"Stand in front of that! Stand in front of that right now!"
Window reflection selfie while we were sheltering from the frigid weather and
waiting for Lars so that we could walk to the Rote Flora together
I don't know who does these three-dimensional Popsicle street art sculptures, but they're amazing. There's another one on a little underpass on Hannes' walk to work, with half an incredulous pink Popsicle going into a blue portal on one wall and coming out another on the ceiling (like in the video game).
It was extremely dark so the top one there is hard to see well, but it's another example of some of the unique, sculptural street art that you can find all over Hamburg. Until these the only non-paint, non-sticker, non-paste-up varieties I'd ever known of were cardboard and sometimes plywood cutouts, tiles (like Invader uses), yarnbombing, and very occasionally, small hidden objects.
Here's another soot sprite-like little guy made by the same person or people as the one above. I think these and the Popsicles are some really next-level shit.
This is what we were walking to: The Cummunist Manifisto, A Gay Marxist Porn Experience.
(My only regret is that, because the Rote Flora is a bastion of antifa protest and other activity, no photos or videos are allowed inside. People here are very paranoid about being identified and persecuted by the police and by right-wing thugs.)
It was a reading that the host of the show explained came from an actual piece of homoerotic historical fanfiction, found in a dusty little hole-in-the-wall second-hand book shop in a back alley of London. He said that a group of them had found it too good to keep to themselves, and he was completely right.
This guy, rather a large and presumably gay man with neither hair nor eyebrows, was accompanied by a moderately well-known female journalist who also read and also a fabulous comrade who looked like a communist yeti New York club kid in dark blue metallic lipstick that matched his tiny hot pants serving white wine in little paper cups.
I'm not sure which was better: the fact that this shameless piece of smut was very clever and intelligent or that it was accompanied by the lowest-quality special effects and visuals in history. There were little paper characters that had been printed out, and a slideshow with stock images projected onto the wall above the readers during the intro. When the evil capitalists were mentioned, for example, they used this picture of Pusheen wearing a monocle and top hat like the Monopoly man. There were various tiny mistakes and hold-ups. The female journalist struggled with an ill-fitting bushy grey beard, as she read Karl. At the climax - I mean, like, at each sexual climax - she fired a confetti gun into the air repeatedly, a little plastic toy of the thing that went pop! pop! as little bursts of silver glitter rained down onto them and they tried to stop laughing.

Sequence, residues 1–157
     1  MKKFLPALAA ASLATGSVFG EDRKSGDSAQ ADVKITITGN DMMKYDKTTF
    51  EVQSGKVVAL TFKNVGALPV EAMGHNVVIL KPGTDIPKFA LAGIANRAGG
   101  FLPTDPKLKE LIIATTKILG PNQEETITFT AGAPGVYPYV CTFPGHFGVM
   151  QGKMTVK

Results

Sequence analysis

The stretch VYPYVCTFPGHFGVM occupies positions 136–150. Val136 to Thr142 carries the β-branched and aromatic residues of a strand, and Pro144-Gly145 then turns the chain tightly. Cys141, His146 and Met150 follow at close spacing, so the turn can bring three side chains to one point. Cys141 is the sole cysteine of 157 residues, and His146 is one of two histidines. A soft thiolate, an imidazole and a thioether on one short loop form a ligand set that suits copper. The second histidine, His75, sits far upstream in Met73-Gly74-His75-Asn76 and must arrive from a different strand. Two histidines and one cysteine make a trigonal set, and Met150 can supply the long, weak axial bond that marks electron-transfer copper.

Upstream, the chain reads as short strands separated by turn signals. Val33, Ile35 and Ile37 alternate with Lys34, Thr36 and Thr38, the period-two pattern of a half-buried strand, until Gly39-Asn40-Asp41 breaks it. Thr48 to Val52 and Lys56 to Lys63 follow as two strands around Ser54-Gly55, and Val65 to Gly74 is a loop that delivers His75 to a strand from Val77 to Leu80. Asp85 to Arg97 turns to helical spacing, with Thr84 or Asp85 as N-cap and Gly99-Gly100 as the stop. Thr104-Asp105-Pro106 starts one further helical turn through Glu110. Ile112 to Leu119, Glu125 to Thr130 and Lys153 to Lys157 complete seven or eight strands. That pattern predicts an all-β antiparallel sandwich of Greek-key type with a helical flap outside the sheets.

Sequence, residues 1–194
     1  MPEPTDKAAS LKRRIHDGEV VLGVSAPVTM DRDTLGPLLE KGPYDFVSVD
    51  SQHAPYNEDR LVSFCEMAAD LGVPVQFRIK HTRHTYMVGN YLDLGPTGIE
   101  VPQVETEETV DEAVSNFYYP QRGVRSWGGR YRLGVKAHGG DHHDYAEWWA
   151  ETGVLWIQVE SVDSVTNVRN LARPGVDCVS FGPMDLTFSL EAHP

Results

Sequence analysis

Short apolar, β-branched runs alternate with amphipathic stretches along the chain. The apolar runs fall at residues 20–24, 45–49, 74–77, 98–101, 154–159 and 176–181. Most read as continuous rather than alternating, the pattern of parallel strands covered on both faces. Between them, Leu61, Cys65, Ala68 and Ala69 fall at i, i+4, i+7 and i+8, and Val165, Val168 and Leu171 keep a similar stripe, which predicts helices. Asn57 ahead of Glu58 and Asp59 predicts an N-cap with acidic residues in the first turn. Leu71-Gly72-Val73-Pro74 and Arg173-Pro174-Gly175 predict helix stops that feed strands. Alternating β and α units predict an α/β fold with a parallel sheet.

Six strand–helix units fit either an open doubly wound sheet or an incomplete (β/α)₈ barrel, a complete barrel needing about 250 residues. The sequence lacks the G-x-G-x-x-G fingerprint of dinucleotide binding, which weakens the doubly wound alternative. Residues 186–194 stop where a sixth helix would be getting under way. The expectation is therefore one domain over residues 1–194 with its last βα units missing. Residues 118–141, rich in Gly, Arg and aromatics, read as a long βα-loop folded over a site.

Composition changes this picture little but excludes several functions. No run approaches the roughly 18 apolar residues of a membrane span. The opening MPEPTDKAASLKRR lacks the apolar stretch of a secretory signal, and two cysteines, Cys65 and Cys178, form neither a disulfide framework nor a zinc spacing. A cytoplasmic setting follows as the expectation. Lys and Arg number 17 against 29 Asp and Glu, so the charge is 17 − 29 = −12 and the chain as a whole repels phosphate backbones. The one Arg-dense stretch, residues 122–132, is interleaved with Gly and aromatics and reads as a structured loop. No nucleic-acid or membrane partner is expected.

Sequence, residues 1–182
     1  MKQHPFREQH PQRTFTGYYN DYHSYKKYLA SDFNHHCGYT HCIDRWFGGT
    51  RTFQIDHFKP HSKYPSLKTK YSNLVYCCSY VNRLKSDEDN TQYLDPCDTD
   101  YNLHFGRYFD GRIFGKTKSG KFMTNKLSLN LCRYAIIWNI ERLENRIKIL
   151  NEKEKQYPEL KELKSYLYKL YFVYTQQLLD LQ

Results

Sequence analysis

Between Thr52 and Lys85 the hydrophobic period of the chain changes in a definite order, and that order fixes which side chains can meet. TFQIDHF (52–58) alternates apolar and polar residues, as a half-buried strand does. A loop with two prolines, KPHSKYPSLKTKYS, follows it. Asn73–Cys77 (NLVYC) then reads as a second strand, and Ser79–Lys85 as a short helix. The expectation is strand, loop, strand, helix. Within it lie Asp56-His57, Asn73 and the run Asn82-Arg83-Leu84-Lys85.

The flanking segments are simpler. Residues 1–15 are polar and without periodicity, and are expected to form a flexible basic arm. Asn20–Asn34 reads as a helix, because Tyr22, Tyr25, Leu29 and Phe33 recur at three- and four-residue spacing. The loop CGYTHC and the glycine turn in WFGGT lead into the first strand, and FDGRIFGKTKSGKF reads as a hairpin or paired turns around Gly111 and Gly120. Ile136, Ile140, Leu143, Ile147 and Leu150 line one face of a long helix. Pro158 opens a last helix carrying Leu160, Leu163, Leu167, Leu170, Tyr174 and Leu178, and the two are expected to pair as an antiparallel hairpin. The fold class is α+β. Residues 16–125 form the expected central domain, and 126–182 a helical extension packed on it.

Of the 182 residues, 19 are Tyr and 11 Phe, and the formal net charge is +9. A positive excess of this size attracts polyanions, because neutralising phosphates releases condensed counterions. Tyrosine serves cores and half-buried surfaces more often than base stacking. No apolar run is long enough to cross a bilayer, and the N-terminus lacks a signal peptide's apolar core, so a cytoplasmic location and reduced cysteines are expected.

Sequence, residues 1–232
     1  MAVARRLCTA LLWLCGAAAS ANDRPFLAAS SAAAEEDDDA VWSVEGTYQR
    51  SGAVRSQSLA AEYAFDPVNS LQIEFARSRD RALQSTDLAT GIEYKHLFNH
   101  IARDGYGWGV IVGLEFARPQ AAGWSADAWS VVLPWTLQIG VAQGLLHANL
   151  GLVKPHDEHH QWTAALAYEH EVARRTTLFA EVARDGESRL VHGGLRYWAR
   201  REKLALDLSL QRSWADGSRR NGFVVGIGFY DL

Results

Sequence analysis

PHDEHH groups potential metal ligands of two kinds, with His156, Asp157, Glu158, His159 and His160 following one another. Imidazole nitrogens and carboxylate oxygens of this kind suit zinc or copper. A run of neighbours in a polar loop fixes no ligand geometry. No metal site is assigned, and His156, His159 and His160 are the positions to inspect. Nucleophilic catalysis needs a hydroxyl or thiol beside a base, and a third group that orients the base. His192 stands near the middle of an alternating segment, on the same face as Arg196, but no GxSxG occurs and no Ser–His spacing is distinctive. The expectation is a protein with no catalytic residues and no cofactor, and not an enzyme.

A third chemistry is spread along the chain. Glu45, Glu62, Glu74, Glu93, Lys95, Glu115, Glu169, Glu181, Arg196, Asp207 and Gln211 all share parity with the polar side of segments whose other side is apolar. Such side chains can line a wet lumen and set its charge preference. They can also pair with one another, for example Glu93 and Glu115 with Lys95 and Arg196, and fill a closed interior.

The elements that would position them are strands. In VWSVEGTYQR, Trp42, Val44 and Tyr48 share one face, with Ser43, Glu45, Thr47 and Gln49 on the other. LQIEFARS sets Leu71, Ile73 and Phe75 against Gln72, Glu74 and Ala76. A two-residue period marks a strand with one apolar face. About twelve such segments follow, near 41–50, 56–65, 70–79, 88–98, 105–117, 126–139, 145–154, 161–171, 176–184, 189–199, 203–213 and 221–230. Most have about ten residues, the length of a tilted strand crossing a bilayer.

The hairless man had a deep soothing voice and seemed a very natural choice for this project, but we quickly realised that he also had a very particular sense of humour that involved being completely deadpan and awkwardly delaying the delivery of some lines just long enough to make them even funnier. Instantly his deep, awkward, and emotionless
became a meme.
We left thoroughly entertained and satisfied. I mean, maybe not as satisfied as post-orgy Marx and Engels, but still very satisfied.
Another great paste-up!
After the completely outrageous and wonderful reading we went to El Dorado,
where Daniel and another close friend of theirs named Phillip sometimes work.
And here's Philip now! -gasp-
This is yet another creative invention unique to Hamburg: the Lantern Man. Solvig, who had also come out for drinks, was very excited when he appeared, because she said you don't see him that often.